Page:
Caribbean Med School Sues Arkansas

     LITTLE ROCK (CN) – The American University of Antigua College of Medicine claims the Arkansas State Medical Board refuses to accredit its graduates – most of whom are U.S. citizens – because the Caribbean medical school competes with med schools on the mainland.




     The plaintiff claims it was “founded in 2004 by world-class American physicians and professionals in the field of medical education. The university was subsequently acquired by Manipal University, a highly respected, privately owned university chartered by the government of India.”
     Nonetheless, the college says, the Arkansas Medical Board put it “on their published list of ‘disapproved medical schools.'”
     The plaintiff claims the American Medical Association and the American Association of Medical Colleges have a history of “damaging and discriminating against AUA and other medical schools located in the Caribbean region because the student bodies of those schools are predominantly American and therefore provide the source of the greatest competition to graduates of United States medical schools.”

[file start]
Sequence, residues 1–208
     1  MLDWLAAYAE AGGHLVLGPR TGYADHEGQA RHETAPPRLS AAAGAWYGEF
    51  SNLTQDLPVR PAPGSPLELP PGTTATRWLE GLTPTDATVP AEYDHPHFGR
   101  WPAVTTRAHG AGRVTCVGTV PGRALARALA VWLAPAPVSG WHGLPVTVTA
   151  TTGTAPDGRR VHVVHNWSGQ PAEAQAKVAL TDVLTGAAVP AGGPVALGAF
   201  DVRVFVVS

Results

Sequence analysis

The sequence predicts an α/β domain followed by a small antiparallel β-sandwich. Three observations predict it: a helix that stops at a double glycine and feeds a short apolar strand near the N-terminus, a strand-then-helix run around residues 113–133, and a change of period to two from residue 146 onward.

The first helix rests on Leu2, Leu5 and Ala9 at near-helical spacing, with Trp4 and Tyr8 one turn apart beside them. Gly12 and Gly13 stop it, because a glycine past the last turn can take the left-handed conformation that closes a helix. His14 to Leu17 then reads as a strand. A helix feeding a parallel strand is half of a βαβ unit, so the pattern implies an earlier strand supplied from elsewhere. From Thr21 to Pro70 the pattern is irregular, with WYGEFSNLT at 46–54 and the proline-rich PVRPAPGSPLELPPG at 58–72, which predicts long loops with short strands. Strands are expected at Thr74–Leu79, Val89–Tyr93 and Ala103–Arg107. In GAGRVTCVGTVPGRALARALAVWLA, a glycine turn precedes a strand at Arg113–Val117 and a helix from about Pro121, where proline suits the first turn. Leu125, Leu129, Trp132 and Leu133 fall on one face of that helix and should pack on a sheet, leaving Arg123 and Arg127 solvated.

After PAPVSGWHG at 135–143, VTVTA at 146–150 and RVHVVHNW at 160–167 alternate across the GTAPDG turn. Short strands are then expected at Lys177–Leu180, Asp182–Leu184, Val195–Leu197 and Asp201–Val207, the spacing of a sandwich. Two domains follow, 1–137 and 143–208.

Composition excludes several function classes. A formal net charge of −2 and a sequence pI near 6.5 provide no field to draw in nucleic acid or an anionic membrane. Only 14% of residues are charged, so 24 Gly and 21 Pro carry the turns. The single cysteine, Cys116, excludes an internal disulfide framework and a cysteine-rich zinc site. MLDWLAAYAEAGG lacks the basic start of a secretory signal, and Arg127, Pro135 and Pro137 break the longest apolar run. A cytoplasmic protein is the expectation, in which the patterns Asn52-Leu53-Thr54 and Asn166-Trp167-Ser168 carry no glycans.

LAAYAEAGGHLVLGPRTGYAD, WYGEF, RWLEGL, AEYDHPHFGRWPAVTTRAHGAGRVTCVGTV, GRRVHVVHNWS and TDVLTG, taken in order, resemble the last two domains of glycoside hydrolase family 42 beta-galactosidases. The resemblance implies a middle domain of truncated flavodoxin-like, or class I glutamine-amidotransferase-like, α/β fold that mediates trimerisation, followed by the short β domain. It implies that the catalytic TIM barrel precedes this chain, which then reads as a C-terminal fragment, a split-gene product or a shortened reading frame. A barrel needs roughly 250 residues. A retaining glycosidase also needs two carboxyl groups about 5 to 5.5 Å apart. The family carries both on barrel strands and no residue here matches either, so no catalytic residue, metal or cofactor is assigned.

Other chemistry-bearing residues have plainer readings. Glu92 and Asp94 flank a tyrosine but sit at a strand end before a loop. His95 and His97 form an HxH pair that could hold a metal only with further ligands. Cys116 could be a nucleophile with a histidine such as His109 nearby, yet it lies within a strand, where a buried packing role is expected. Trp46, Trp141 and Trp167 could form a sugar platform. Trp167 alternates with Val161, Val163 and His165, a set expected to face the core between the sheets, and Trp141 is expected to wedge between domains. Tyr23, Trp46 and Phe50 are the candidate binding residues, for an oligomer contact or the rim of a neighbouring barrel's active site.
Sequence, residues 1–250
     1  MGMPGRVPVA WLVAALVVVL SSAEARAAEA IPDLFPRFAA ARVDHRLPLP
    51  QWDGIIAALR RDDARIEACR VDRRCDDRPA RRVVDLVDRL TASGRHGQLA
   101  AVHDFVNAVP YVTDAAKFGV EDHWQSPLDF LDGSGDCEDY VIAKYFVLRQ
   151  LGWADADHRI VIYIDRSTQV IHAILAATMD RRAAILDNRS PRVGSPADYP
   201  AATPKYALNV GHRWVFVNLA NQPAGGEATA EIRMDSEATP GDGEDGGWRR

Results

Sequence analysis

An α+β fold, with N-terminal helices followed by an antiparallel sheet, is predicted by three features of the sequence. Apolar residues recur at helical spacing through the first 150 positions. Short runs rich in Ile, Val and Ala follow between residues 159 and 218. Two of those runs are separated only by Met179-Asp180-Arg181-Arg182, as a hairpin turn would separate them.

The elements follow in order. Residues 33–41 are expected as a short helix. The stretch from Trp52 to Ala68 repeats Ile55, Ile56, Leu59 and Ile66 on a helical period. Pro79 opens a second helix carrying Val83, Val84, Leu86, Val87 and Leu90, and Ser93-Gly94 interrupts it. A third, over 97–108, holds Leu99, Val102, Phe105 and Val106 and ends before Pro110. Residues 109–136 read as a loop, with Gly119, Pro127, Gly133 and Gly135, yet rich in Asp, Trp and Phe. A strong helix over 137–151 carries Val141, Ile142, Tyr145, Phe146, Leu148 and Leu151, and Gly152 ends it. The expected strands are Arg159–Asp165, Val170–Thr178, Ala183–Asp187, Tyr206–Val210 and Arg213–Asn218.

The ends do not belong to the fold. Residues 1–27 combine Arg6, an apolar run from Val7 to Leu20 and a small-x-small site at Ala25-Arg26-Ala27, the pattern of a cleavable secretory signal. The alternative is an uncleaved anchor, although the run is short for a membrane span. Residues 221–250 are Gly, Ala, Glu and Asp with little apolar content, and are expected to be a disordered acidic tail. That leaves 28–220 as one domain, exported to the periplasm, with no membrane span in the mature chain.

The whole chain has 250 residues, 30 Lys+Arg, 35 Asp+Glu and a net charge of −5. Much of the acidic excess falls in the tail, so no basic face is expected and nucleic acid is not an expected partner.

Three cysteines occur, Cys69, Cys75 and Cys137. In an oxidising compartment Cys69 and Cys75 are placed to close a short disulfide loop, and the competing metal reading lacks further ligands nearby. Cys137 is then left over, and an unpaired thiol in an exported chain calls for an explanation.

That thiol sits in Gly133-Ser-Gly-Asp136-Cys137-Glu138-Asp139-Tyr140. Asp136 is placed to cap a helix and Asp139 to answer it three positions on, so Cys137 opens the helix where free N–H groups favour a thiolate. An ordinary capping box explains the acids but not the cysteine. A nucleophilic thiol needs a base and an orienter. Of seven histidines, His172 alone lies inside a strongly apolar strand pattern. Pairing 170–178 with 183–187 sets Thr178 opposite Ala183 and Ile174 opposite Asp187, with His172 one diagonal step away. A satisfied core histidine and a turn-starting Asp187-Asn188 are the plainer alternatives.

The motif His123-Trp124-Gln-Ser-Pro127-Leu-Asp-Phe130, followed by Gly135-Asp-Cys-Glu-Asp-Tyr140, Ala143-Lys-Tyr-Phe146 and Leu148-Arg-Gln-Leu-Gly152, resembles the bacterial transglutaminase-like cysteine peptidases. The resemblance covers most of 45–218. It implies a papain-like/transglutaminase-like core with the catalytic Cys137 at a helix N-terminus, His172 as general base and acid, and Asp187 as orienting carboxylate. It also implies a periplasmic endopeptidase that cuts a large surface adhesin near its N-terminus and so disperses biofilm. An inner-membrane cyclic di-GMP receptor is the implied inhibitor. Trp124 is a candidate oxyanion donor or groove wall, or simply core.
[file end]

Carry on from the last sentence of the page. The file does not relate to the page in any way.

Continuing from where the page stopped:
But the Antigua school did not sue the AMA or the AAMC – just the Arkansas board and its member physicians.
     AUA is represented in Federal Court by Leonard Sclafani of New York, N.Y.

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